“Where can I get some good topsoil?” That’s a question I hear frequently at our nursery. And I often look wistfully towards the plains and say, only half-jokingly, “You can get good topsoil about 800 miles east of here.” That’s where I grew up, in Iowa, and where two tomato plants feed a family of six. It’s not that local suppliers are trying to deceive us when they sell Colorado clay as topsoil; it’s just that the glaciers didn’t dump three feet of loam on top of our clay.
Many people, especially those who come here from places with real topsoil think, “Yuck, I’ll just get rid of this clay or build a nice raised bed on top of that worthless dirt, and then I’ll have a good garden.” Unfortunately, that’s not a great idea. Why not? My father used to say, There’s no royal road to learning; and the same can be said of good soil in Colorado. We have to earn it, build it and grow it.
The answer to What is soil? Used to be “clay, sand and silt.” That was the old physical concept of soil. Now a lot of us are saying, “Soil is physical, chemical, biological and electrical.” Likewise the old answer to How do I make my soil more fertile? used to be “Just add that good strong chemical fertilizer, and watch the plants shoot up.” Now many of us have seen the ill effects of strong chemical fertilizers and are more likely to recommend supporting the soil life and the Soil Food Web.
In his book Soil Stewardship Handbook, Aaron Perry says, “In a world of seeming complexity, we find that hardly anything is as complex as the living web of interconnectedness found in our planet’s soil—trillions upon trillions of living creatures in each handful, interacting in beautifully sophisticated ecologies….The good news—essential news—is that we don’t have to totally understand the mechanisms in order to be expert soil builders, working alongside Mother Nature.”
I certainly don’t have all the answers here, but I will try to be helpful by first giving you the basics, then some of the nuts and bolts. The most fundamental basis of soil fertility is the mutually supportive relationship between plants and soil organisms. Because plants have the magical ability to photo-synthesize—to make food out of sunlight, water, carbon dioxide and minerals, they are life-supporting. And when they ooze 30% of their sugars into the soil surrounding their roots, fungi, bacteria, worms and others are drawn to or multiply in the nutrients. And those soil beings in turn bring water and minerals to feed and protect the plants. So whatever we do to support the microorganisms, supports the plants. And what we do for the plants supports the soil life.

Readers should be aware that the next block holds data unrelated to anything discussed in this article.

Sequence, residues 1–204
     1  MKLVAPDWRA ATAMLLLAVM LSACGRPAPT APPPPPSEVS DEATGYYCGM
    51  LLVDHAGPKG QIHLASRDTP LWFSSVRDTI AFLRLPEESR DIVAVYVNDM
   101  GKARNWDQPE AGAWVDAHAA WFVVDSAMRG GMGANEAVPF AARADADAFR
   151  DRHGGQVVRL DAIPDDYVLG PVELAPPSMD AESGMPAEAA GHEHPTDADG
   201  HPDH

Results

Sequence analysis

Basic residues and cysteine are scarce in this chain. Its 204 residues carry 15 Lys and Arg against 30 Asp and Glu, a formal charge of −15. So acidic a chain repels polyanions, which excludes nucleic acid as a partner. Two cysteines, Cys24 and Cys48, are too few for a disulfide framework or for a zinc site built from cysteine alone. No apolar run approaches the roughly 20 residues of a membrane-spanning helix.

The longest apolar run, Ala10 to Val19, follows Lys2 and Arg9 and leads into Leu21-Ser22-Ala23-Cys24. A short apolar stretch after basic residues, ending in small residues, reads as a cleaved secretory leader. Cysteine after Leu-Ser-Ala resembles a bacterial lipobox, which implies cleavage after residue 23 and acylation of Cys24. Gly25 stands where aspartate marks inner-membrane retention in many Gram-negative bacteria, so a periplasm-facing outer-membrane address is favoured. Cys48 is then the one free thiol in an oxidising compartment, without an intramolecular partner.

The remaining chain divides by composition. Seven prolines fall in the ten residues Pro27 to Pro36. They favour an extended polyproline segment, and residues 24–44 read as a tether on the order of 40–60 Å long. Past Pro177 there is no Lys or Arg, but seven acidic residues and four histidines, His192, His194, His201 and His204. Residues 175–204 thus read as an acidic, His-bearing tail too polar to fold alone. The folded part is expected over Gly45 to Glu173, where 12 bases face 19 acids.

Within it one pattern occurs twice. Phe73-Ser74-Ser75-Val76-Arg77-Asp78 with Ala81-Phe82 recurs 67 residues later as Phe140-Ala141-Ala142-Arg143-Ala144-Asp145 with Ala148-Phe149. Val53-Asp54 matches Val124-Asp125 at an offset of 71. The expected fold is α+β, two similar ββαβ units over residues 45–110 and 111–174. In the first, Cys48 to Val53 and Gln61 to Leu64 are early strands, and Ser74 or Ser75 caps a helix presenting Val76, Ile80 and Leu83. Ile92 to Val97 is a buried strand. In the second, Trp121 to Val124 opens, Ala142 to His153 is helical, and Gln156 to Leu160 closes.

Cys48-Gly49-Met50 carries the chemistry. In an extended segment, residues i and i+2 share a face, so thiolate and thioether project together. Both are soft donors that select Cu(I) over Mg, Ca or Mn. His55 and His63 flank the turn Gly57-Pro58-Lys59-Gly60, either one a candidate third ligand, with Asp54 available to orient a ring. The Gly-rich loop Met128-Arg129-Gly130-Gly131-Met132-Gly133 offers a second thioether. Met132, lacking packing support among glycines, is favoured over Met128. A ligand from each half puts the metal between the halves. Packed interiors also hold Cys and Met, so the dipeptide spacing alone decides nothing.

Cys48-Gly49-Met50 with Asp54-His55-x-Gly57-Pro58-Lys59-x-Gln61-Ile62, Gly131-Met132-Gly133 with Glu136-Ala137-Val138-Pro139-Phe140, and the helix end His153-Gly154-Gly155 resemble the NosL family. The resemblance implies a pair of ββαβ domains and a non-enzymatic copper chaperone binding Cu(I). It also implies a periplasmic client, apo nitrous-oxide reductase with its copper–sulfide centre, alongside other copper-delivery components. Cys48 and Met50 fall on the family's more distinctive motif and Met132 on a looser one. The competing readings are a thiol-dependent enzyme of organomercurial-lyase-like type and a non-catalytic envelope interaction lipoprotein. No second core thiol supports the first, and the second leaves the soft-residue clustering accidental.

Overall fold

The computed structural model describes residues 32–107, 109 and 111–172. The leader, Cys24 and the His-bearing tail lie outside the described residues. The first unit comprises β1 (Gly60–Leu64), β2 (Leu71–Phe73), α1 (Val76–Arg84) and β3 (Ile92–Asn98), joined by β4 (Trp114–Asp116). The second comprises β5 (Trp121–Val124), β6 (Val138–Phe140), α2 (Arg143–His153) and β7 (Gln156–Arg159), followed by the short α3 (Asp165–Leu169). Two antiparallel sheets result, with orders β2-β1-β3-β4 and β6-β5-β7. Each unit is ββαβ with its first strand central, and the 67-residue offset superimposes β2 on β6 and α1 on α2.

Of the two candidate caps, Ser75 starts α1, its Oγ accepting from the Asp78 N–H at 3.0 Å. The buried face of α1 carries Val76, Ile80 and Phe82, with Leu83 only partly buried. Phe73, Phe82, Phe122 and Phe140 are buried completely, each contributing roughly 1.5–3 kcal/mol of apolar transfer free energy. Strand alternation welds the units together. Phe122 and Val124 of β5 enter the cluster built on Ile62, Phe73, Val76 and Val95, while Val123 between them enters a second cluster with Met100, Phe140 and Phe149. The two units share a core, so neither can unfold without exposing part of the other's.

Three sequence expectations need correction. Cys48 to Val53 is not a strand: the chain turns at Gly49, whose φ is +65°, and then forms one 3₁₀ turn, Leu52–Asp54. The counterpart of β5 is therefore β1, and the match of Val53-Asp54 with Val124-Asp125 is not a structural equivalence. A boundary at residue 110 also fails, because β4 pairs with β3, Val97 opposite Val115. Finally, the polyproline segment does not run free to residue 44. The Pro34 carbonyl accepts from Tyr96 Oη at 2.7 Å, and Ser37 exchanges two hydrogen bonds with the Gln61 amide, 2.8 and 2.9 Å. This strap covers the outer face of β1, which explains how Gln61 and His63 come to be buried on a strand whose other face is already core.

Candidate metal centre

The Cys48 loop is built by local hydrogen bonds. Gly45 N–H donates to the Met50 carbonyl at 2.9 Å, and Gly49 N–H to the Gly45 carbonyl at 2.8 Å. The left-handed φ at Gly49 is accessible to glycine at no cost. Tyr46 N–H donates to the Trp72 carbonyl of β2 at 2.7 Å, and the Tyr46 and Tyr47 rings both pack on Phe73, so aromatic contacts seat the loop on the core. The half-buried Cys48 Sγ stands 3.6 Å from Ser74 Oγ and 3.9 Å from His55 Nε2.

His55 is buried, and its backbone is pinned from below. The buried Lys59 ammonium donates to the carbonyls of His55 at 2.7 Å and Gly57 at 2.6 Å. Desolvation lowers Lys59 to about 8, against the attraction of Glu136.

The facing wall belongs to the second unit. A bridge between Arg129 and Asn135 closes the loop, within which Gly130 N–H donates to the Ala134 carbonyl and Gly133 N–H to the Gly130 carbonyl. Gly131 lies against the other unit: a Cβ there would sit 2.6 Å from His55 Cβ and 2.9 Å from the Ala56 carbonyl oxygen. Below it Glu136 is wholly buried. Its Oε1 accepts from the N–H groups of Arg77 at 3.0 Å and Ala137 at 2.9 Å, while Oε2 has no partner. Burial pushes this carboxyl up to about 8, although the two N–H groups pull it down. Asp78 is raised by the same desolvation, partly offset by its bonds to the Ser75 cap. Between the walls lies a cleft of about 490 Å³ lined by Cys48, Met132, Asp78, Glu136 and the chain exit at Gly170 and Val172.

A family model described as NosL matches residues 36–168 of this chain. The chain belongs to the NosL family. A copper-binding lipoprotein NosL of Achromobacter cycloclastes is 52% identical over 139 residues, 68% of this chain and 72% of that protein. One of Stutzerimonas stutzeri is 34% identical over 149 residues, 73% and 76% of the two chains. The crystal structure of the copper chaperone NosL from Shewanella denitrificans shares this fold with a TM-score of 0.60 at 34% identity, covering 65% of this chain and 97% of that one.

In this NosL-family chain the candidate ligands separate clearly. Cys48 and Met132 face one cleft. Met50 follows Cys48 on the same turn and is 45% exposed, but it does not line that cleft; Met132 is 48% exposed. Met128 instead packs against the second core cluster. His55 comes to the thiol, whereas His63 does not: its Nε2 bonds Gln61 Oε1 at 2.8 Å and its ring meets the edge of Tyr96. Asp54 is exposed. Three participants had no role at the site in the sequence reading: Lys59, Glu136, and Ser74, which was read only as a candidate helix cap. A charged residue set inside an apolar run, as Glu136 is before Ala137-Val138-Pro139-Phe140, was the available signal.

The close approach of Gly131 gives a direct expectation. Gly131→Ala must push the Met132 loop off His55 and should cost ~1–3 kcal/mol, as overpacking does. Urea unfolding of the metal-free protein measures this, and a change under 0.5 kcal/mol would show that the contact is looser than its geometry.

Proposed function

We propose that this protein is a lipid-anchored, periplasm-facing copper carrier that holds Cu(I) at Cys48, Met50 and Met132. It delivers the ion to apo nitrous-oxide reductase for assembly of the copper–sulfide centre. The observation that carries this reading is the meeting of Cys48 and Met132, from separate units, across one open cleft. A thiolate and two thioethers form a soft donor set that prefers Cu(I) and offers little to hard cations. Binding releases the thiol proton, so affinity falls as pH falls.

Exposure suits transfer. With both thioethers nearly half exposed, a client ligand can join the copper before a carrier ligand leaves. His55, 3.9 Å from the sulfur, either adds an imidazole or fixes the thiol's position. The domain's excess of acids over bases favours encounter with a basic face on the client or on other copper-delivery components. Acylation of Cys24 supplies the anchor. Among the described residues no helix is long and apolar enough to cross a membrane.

The new formula for soil health has four or five aspects:
1) Minimize soil disturbance because turning the soil exposes the organic matter to the air, which oxidizes (burns up) the carbon, releasing carbon dioxide. Organic matter is important in soils because carbon is the “key driver of the nutrient-microbial recycling system.” This is why we add compost to our gardens, and how we can keep carbon out of the atmosphere.
2) Keep the soil covered. A covering of mulch or plants helps keep the soil moist by reducing evaporation and it moderates soil temperature. Mulch is also a source of slow-release nutrients. This is Nature’s own system of supporting soil life.
3) Cultivate a diverse population of plants. This naturally supports a diverse population of microbes which creates a stronger capacity to improve nutrient cycling, improves water infiltration and reduces pests.
4) Maintain a continual living plant community that feeds the beneficial soil life. This is accomplished with cover crops and evergreen shrubs, perennials and ground covers. I would like to learn a practical approach to cover cropping in a home veggie garden.
5) Integrate livestock. This supplies manures for nitrogen and organic matter and more. Or apply well-composted manures like dairy cow or chicken.